About the course

Shane Harrison has been working with Rentouch to create a new format "PI Planning Therapy". Shane is the therapist and he will give tips on various problems that have been sent to us by the SAFe community.






1h 22min

Last Updated


Meet your Expert

Peter Pedross

CEO & Founder PEDCO AG, Chief Methodologist Applied SAFe

Creator of the product Applied SAFe. Started to program for money at the age of 14. Ex-professional sportsman with a passion for software and a knack in engineering. 30+ years working experience with 50+ publications. SAFe SPC since 2011, Agile (XP) since 1999. Happy father and married to a wonderful woman.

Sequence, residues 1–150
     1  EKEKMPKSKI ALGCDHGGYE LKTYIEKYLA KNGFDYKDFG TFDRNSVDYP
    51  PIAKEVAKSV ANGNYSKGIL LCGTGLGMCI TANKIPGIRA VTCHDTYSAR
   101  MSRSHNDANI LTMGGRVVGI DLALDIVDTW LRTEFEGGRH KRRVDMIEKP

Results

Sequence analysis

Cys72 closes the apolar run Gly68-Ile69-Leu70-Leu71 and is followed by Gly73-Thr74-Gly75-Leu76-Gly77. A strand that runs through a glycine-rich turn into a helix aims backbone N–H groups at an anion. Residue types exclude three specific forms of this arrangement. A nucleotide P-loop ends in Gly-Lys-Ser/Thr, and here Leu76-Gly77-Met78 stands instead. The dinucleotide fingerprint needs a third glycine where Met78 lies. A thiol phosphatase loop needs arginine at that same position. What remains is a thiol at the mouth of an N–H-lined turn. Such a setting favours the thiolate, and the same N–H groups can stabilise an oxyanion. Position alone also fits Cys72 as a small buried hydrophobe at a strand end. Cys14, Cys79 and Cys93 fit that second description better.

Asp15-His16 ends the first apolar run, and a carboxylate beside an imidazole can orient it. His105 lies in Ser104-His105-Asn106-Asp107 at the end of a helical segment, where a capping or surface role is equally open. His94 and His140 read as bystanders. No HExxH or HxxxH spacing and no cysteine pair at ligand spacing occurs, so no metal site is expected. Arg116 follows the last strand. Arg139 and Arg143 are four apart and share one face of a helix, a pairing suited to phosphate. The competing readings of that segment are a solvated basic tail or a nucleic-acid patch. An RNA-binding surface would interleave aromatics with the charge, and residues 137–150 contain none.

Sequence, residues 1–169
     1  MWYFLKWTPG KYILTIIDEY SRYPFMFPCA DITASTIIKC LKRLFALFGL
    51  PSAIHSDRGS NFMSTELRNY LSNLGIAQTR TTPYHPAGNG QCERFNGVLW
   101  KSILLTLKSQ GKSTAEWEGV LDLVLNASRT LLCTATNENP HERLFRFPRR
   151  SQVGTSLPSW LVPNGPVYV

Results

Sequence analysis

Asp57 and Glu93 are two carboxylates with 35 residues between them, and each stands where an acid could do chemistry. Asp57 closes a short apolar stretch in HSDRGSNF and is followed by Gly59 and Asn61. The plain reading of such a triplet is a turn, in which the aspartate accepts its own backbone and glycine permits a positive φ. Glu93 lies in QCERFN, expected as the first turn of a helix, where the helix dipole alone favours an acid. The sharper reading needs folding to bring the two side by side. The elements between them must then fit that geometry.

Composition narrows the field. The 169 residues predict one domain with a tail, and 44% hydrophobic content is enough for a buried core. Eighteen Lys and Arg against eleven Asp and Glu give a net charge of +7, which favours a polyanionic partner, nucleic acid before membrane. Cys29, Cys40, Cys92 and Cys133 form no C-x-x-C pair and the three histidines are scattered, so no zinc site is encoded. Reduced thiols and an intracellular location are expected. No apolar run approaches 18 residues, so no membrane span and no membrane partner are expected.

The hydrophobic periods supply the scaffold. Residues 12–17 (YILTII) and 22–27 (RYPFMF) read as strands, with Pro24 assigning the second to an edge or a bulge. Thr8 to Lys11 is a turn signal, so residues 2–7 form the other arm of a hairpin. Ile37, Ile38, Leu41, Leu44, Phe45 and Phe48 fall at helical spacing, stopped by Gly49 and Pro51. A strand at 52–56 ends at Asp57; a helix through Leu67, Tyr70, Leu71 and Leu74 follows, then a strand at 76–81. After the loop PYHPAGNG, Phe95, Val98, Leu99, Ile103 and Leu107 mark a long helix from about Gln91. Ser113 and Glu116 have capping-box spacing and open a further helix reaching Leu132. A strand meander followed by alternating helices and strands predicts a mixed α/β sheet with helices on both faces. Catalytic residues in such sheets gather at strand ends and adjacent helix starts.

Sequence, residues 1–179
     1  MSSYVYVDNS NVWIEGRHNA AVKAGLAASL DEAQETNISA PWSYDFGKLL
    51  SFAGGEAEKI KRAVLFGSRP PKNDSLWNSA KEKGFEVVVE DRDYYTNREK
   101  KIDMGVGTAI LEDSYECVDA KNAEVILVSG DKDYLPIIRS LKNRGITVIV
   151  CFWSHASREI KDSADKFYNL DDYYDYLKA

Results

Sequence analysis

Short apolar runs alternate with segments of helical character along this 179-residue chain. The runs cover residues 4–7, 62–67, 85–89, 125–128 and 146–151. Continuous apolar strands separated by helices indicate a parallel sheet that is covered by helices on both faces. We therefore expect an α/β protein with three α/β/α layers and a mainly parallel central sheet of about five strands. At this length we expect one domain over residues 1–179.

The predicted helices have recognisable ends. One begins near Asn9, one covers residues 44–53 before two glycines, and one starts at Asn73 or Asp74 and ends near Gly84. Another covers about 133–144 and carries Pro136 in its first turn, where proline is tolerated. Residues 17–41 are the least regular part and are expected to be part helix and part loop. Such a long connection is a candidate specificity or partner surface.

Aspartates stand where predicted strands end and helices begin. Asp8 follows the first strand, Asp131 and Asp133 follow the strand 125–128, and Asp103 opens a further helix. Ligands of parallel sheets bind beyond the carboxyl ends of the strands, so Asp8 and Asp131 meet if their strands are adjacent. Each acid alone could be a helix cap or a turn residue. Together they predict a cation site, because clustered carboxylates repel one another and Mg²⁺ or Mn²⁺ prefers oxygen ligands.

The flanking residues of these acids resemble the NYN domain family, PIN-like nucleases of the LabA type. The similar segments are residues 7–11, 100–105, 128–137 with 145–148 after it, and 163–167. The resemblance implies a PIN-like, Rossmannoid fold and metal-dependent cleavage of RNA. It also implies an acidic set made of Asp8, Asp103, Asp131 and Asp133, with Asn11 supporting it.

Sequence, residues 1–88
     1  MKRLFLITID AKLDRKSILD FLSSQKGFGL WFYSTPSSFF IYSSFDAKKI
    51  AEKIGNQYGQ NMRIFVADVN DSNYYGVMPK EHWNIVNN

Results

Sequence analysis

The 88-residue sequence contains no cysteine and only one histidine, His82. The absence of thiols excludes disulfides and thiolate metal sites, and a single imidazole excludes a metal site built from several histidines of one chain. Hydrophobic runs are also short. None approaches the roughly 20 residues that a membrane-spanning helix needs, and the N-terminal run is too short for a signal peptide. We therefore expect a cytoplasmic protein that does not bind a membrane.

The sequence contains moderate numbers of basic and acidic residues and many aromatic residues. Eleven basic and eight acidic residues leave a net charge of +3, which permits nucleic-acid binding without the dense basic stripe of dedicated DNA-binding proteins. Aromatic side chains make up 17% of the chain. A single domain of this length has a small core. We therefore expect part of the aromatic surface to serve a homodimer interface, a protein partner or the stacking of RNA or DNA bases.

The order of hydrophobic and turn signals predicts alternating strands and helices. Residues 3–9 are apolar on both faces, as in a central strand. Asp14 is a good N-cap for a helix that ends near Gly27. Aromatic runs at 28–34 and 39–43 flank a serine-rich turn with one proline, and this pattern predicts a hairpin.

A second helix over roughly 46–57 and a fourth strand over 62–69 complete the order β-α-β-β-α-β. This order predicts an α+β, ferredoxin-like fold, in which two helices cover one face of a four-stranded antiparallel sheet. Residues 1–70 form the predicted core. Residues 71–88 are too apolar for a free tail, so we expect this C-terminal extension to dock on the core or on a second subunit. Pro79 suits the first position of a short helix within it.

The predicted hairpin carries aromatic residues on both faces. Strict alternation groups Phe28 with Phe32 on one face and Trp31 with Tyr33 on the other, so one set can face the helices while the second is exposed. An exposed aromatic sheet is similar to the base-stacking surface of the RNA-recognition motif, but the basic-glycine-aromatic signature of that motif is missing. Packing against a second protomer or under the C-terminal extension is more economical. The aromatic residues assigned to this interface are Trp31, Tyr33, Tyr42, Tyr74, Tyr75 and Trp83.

Meet your Expert

Silvio Wandfluh

Head of Product, SPC5

Silvio is a certified SAFe® Program Consultant and as Head of Product at Rentouch responsible for the innovation of

Meet your Expert

Shane Harrison

Business and Agile Leadership Coach

Shane is a business focused change agent, specialising in enterprise level digital Lean/Agile transformations. More than 17 years consulting experience across a variety of industries from pharma to banking Shane is a specialist when it comes to context and culture-specific transformations.

Meet your Expert

Ian J Franks

SAFe® 5 Program Consultant & RTE

Ian has a deep knowledge of Scrum, Kanban and Scaled Agile, and 30 years’ experience in international IT Transformation Programs. He is a successful PO, SM & RTE and as a Consultant/Trainer he coaches his clients develop a strong Agile Mindset that delivers real change and measurable improvements.


Sign up for a free 14 days trial today

Sign up